South Downs MP raises concerns over ‘unacceptably poor’ train service with rail minister

Sir Nicholas Soames chaired a meeting of MPs with rail minister Claire Perry which Arundel and South Downs MP Nick Herbert attended (photo submitted). SUS-150527-112133001
Sir Nicholas Soames chaired a meeting of MPs with rail minister Claire Perry which Arundel and South Downs MP Nick Herbert attended (photo submitted). SUS-150527-112133001

Arundel and South Downs MP Nick Herbert raised concerns over an ‘unacceptably poor’ train service with the rail minister this week.

He was one of several MPs to meet Claire Perry, the minister at the Department for Transport with responsibility for the railways, on Tuesday to lobby for improvements to Southern services.

Just this week commuters on Southern trains compared themselves to ‘animals travelling to the slaughter’, but the train operating company said that ‘the railway is even more popular than ever, with passenger numbers growing year on year’.

Mr Herbert said: “The fact that West Sussex MPs asked for this meeting with the rail minister so soon after the election demonstrates our concern about the local rail service and our determination to see improvements.

“The service remains unacceptably poor with late or cancelled trains, overcrowding and unpopular timetable changes.

“Southern now has the unenviable reputation as the worst rail company in the country, but the problems are also down to failures of Network Rail.

“I emphasised to the minister that my constituents are fed up with excuses - they want action and tangible improvements to the service.”

Rail users have been hit with severe delays twice in the last month. Problems with engineering work at Clapham Junction on April 30 led to an entire day of delays and widespread cancellations across Sussex, while emergency engineering works had to be carried out at Haywards Heath on May 20, which resulted in another day of misery for passengers.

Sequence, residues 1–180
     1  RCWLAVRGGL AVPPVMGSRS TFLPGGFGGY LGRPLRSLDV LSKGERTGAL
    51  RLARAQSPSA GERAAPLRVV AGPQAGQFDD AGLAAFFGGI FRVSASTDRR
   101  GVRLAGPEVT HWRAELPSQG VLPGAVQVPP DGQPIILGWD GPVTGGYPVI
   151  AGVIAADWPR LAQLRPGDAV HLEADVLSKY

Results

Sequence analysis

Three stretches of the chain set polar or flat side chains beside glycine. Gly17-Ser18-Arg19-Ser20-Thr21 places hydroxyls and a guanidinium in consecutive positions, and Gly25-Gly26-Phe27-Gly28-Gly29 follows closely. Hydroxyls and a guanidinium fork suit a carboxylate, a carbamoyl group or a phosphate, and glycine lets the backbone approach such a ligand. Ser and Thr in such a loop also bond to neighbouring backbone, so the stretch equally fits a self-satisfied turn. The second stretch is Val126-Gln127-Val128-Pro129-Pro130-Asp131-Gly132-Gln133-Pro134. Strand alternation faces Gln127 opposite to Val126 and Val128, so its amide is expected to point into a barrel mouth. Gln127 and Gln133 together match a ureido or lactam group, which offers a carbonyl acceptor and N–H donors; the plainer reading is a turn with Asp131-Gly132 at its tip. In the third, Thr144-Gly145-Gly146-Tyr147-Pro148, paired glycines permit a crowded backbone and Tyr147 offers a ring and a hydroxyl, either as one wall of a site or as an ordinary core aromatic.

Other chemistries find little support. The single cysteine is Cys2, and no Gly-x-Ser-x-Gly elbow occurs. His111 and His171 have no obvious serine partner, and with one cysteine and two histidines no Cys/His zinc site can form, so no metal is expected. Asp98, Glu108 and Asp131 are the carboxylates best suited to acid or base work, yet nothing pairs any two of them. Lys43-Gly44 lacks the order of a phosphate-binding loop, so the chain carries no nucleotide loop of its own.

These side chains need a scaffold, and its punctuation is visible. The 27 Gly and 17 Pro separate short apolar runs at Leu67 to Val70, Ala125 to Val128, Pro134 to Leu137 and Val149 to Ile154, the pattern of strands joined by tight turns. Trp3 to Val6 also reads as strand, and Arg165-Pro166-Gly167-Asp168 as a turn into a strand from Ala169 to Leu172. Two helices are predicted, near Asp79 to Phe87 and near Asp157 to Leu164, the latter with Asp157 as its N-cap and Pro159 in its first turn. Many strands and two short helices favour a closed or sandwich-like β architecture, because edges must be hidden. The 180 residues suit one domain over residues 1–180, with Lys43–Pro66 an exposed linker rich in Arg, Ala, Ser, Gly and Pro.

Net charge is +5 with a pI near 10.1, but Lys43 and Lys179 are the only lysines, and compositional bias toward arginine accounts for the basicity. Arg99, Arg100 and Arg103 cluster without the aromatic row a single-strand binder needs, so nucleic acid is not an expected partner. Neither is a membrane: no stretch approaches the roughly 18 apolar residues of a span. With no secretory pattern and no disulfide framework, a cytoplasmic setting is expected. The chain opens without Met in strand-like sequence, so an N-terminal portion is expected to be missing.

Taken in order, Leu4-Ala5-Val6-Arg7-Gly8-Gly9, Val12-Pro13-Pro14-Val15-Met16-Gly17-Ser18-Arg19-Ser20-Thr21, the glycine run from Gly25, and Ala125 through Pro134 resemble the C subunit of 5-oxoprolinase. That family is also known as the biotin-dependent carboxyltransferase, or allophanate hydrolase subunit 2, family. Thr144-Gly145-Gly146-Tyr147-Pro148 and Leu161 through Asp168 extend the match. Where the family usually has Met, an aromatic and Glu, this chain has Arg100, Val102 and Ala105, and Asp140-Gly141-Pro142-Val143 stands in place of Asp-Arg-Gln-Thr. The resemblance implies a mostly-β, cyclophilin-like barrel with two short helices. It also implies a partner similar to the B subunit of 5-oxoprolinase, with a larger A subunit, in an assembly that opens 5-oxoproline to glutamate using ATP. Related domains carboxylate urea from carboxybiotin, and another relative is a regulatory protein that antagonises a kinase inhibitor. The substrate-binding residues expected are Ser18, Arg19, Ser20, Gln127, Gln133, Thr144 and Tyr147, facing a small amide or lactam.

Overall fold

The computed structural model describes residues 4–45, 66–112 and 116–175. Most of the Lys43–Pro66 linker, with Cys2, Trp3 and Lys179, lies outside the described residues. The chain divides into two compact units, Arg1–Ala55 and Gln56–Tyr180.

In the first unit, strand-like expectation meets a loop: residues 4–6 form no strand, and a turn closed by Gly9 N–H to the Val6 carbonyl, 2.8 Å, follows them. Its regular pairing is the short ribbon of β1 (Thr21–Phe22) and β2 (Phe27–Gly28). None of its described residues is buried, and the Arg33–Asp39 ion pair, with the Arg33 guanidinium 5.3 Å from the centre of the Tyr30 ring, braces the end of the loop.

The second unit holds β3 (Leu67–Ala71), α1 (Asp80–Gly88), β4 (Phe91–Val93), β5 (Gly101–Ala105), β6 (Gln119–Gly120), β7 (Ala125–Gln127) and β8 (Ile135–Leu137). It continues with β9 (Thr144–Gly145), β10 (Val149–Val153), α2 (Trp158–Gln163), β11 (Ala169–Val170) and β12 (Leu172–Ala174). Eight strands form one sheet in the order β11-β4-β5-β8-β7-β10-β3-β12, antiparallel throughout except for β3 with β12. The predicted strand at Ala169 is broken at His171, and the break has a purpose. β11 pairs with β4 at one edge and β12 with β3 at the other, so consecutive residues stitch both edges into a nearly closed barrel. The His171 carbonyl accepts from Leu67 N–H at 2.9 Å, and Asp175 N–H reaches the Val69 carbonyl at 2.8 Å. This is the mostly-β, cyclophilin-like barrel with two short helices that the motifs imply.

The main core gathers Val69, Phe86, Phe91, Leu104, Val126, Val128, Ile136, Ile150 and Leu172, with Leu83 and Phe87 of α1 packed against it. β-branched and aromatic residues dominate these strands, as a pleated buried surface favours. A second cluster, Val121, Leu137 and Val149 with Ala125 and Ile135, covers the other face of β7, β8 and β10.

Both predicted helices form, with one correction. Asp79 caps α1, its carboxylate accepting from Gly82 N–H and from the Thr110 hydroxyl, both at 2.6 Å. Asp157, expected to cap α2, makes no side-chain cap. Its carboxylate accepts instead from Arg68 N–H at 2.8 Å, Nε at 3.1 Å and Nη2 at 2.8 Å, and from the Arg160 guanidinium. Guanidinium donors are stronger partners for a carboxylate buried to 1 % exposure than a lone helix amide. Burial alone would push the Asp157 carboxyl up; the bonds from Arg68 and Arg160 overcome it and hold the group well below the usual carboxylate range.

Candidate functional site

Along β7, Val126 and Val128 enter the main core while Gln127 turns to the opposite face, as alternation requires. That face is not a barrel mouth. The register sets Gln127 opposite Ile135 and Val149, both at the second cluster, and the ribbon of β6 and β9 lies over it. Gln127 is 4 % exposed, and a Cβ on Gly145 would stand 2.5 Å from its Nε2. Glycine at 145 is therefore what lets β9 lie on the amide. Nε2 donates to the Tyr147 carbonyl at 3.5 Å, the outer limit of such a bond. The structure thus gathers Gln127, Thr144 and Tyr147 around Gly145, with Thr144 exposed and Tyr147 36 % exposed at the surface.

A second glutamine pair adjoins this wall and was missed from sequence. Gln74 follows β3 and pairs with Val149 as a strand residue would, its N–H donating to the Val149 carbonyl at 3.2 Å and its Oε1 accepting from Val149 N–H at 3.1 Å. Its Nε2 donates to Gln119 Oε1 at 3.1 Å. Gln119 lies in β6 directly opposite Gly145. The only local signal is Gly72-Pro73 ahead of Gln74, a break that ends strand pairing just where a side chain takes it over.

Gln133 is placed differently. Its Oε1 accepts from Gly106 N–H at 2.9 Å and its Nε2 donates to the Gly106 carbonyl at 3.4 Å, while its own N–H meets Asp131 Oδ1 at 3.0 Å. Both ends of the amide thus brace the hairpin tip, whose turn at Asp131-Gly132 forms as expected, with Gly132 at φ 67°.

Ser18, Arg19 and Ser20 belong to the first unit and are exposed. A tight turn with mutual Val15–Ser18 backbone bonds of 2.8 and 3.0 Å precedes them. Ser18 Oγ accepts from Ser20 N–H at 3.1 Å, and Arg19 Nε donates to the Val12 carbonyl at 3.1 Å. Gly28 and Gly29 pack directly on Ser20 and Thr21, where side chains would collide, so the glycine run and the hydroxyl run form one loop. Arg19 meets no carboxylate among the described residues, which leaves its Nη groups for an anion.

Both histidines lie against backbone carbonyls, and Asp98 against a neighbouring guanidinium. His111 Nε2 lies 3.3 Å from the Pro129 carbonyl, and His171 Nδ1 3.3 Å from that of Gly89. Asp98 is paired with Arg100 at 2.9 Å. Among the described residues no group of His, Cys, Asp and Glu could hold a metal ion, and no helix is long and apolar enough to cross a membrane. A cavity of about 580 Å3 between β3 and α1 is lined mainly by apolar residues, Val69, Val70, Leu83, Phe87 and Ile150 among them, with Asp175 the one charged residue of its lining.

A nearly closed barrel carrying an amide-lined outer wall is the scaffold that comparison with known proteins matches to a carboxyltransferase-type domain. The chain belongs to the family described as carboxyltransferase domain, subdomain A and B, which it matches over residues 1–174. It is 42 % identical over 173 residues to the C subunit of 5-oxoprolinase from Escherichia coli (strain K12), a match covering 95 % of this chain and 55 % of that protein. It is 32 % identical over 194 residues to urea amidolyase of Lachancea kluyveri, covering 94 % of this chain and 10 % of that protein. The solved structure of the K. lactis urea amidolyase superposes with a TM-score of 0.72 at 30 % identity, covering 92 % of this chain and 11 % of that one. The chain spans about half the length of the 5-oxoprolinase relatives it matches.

In a letter to the MPs at Tuesday’s meeting Mrs Perry said she was ‘really proud’ of the Government’s investment in the multi-billion pound Thameslink project, but was also ‘extremely concerned’ about the direct and indirect impact works were having on passengers.

She said at times the delays and disruption were ‘simply inexcusable’, and was looking at a review of the problems on the specific lines carried out by Network Rail, which includes recommendations for both service and operational changes.

Earlier this month Southern also made hundreds of changes to its timetables, which included the removal of some peak time services, and has annoyed many commuters.

One rail user wrote on Facebook: “Animals travelling to slaughter get more room by law than most people get travelling during peak times in overcrowded trains.

“Surely Southern know how many people travel on average during peak times and should provide the correct amount of rolling stock rather than maximising the profit made on a journey.”

A spokesperson for Southern said: “We have introduced new train fleets during the current franchise to meet this growth, providing a total number of additional carriages on our network to 227 – resulting in a net gain of over 10,000 extra seats across the network.

“This has provided some much needed relief to thousands of our passengers who now have a more comfortable journey.

“The decision to start the 6.56am Brighton to London Bridge service from Gatwick Airport was one of hundreds of changes made to departure times and calling patterns in the new summer timetable. These changes are designed to improve punctuality performance – something that we know is very important for our passengers.

“Looking ahead, the £6.5 billion Thameslink project will enable the introduction of more new trains on the Brighton Main Line, further increasing capacity.”

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